Tubeless tyres are what they say on the package in that they’re tyres that don’t have an old school tube inside to keep it up. Rather than a tube, the tyre makes an almost airtight seal with the rim to keep the air in.
To make that airtight seal work the rim needs:
- special rim tape that is a very tight fit on the rim;
- a valve that looks like the valve on a Presta tube but with a rubber bung on the inside to seal with the rim tape;
- and finally, some tubeless sealant to fill up any remaining small holes between the tyre, rim and valve. Tubeless sealant is a milky liquid with small particles of latex or other materials that seal small holes.
So what do you need to fit tubeless tyres to your bike?
- Tubeless compatible rims (or wheels). On these rims the bead hook where the tyre connects is made to ‘lock’ the tyre into it as there is no pressure from a tube pushing the tyre against the rim to keep the tyre in place. We do not recommend setting up non-tubeless rims as tubeless because the tyre can blow off! You can tell if your wheels are tubeless compatible by looking at the stickers on the side of the rim. They should say something like “Tubeless ready” “Tubeless Compatible” or there will be an acronym like ‘TLD’ or ‘TCS’ indicating they are tubeless.
- Tubeless tyres. Like rims, the bead of a tubeless tyre is made to ‘lock’ into the rim. Tubeless tyres need to be made more accurately than standard tyres hence they are more expensive. Tubeless tyres are always folding. As with rims, don’t set normal tyres up as tubeless even on tubeless rims.
- Tubeless rim tape. Tubeless rim tape is thinner, stretchier and tighter fitting than normal cloth rim tape. You need at least two wraps of tubeless rim tape to seal the rim. Some rims even come pre-taped with rim tape.
- Tubeless valves. These look like someone has cut a Presta valve out of a tube.
- Tubeless sealant. A milky mix to seal up the remaining holes.
- A tubeless pump, compressor or high volume pump. To inflate tubeless tyres a large and quick volume of air is needed to pop the tyre onto the tubeless bead and ‘lock’ it in place – you’ll often hear bangs and pops when this happens. A normal floor pump can sometimes do it but is much easier with a tubeless specific pump as it includes a chamber to ‘pre-charge’.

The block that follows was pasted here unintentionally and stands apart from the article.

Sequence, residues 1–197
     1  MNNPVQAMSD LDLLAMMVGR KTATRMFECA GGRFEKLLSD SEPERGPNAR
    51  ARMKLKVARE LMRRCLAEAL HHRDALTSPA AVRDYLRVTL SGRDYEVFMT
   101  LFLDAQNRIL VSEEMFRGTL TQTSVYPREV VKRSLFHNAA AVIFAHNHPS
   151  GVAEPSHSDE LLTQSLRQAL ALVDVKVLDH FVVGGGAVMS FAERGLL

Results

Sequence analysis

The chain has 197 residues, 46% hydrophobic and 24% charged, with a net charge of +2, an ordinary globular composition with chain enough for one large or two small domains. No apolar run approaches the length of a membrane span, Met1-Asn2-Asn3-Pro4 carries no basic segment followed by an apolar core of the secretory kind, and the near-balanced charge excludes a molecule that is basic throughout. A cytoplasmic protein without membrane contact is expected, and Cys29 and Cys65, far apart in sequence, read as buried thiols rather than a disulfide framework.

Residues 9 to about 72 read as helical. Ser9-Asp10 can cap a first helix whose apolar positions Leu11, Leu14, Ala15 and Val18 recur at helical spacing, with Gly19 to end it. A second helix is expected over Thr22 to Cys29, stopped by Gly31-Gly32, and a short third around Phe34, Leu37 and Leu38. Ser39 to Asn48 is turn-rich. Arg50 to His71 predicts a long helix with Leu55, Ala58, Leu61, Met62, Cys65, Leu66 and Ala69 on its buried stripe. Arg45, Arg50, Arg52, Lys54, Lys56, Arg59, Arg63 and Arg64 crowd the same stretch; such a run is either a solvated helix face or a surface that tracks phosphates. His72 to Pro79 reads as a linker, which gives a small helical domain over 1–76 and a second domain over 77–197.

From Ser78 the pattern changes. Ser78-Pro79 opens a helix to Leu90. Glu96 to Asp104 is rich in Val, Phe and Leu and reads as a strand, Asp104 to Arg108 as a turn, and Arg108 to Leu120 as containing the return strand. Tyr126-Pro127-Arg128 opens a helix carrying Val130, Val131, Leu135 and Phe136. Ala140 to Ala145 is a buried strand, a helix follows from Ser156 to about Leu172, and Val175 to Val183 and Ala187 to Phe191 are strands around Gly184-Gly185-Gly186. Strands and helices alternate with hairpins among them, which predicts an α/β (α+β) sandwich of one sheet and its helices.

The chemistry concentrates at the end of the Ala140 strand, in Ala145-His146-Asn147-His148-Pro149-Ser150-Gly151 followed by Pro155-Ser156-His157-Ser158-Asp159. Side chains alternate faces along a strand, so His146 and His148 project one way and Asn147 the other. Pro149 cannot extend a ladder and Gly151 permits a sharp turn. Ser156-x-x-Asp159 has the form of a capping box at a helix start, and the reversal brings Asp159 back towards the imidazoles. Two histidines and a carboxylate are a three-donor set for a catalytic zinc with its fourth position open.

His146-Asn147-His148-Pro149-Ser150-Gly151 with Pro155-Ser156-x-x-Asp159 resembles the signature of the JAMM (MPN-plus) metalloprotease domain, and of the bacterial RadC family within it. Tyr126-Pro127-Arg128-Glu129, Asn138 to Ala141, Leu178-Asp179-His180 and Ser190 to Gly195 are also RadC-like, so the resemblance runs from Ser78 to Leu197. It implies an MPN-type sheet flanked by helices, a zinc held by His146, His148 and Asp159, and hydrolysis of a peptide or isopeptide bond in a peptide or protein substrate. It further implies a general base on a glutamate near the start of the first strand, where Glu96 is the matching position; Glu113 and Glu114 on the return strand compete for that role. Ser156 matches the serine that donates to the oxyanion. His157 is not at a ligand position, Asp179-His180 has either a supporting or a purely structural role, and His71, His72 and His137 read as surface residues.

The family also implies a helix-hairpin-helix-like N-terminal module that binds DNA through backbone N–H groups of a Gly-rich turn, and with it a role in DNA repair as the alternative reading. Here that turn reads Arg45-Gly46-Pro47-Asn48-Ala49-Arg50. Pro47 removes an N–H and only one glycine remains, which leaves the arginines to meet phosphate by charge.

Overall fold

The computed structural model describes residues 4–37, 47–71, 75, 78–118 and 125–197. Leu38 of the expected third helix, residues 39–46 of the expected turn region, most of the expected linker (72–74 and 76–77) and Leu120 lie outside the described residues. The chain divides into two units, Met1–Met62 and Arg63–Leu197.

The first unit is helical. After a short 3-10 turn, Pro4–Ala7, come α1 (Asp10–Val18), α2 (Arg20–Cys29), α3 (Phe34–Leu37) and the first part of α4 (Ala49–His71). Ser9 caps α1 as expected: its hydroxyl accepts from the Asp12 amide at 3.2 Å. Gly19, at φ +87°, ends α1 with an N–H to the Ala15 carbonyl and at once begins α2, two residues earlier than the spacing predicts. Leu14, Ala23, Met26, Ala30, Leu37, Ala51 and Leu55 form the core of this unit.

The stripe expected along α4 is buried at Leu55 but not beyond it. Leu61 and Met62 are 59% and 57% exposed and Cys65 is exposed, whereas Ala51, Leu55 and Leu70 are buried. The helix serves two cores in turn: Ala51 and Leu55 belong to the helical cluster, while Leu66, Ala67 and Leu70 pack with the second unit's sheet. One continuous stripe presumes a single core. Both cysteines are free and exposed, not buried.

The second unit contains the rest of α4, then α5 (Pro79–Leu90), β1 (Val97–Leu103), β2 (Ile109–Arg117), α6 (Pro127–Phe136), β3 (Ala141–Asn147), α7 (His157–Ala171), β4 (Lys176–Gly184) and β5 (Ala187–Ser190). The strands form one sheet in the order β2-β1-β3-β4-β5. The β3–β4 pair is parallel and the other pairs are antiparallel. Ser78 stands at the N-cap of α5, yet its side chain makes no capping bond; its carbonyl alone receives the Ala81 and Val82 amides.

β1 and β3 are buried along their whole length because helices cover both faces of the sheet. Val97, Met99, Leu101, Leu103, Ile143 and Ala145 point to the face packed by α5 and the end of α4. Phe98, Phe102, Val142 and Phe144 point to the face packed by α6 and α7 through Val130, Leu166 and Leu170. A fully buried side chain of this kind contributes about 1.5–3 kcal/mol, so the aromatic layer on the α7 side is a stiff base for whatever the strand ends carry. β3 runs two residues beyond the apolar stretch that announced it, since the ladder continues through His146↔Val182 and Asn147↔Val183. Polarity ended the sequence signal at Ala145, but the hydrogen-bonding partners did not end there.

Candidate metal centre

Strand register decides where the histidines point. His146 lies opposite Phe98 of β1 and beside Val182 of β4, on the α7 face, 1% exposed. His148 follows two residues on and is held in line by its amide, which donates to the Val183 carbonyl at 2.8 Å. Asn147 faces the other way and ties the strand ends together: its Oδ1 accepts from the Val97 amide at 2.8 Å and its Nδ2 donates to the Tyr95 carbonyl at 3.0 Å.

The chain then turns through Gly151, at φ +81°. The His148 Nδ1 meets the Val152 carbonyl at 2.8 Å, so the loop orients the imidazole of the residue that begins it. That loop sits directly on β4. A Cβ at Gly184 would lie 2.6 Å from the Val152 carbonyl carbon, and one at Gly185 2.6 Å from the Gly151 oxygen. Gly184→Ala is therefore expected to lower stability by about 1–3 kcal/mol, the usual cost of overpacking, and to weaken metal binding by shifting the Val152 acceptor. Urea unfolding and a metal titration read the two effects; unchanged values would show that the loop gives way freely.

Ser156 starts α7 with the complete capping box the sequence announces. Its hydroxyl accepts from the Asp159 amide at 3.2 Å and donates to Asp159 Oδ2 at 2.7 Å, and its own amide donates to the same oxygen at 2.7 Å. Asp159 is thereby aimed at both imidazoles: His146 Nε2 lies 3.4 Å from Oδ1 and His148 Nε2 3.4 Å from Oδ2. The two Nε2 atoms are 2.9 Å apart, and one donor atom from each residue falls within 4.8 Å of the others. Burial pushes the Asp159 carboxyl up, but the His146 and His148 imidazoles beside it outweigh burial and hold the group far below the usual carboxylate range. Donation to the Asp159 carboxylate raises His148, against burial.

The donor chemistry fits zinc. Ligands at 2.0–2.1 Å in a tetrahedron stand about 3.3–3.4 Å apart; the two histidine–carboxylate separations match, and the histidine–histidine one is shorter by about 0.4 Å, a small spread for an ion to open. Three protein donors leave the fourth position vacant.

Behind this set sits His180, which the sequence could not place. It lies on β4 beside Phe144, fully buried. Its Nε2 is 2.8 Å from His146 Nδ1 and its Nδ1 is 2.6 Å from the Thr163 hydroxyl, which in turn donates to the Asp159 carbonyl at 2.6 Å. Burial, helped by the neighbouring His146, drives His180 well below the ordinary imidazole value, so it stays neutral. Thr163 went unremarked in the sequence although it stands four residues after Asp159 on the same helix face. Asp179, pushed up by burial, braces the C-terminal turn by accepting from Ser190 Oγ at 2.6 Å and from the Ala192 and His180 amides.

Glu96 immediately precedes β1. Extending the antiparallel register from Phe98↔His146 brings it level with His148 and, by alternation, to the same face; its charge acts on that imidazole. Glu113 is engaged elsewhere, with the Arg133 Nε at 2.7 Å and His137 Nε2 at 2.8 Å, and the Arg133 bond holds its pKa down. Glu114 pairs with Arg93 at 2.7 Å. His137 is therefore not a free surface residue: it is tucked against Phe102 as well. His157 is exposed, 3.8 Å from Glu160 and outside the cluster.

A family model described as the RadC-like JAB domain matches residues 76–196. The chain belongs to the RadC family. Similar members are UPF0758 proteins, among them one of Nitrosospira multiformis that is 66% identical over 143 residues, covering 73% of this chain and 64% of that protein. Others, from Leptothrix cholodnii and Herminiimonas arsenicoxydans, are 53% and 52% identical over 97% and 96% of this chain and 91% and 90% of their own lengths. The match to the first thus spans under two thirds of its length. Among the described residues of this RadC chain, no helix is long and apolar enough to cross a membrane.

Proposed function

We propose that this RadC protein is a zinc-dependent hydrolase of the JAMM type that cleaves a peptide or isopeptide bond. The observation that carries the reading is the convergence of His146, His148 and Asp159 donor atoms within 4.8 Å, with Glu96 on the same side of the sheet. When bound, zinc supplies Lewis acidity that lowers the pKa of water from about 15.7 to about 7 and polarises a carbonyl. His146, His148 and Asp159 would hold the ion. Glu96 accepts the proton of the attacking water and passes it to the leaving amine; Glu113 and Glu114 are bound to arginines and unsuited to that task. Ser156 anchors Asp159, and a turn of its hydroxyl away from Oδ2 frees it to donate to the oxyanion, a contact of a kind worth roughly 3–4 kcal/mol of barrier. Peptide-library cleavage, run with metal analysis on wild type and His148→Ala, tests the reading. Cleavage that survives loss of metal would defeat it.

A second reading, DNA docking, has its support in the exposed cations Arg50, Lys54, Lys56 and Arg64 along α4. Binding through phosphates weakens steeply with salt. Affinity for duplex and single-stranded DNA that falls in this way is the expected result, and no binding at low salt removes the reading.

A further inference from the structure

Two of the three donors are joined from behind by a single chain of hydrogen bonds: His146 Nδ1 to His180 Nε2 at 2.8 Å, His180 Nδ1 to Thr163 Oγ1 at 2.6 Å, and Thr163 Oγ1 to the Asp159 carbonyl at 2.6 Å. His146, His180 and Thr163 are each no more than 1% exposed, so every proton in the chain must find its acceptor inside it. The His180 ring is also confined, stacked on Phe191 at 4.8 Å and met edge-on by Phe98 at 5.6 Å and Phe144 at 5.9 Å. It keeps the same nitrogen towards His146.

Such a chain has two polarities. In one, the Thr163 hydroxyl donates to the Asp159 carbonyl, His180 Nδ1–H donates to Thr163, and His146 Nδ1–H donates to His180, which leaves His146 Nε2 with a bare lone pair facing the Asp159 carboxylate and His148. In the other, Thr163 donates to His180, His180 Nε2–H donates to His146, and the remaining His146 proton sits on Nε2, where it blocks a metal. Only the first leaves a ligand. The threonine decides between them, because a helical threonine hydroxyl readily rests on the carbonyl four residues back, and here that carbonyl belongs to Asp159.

Why would you want to go tubeless?
- No more pinch flats! Without a tube to squeeze between the rim and tyre pinch flats become a thing of the past.
- You can run much lower pressures safely due to not having to worry about pinch flats. This is especially useful for mountain bikes, gravel bikes and cyclocross bikes.
- Small punctures are sealed by the tubeless sealant. If a small puncture occurs the pressure inside the tyre pushes the sealant into the hole and the small particles clog the hole and seal it up. Some pressure will be lost but typically you won’t need to put a tube in.
Why would you not go tubeless?
- It can be a bit messy especially if you get a flat bad enough that you need to put a tube in. Yes, if the puncture is big and bad enough that the sealant doesn’t plug it a tube can be put in the tyre but you have to deal with the mess of the sealant.
- It’s more expensive. Even though you aren’t buying tubes so often, sealant, tape and the more expensive tyres more than make up for it.
- Tubeless tyres are typically ‘performance’ tyres. It’s hard to get tough commuter tyres so tubeless tyres don’t tend to last as long.
- Simplicity. Fixing a flat tube is straight forward!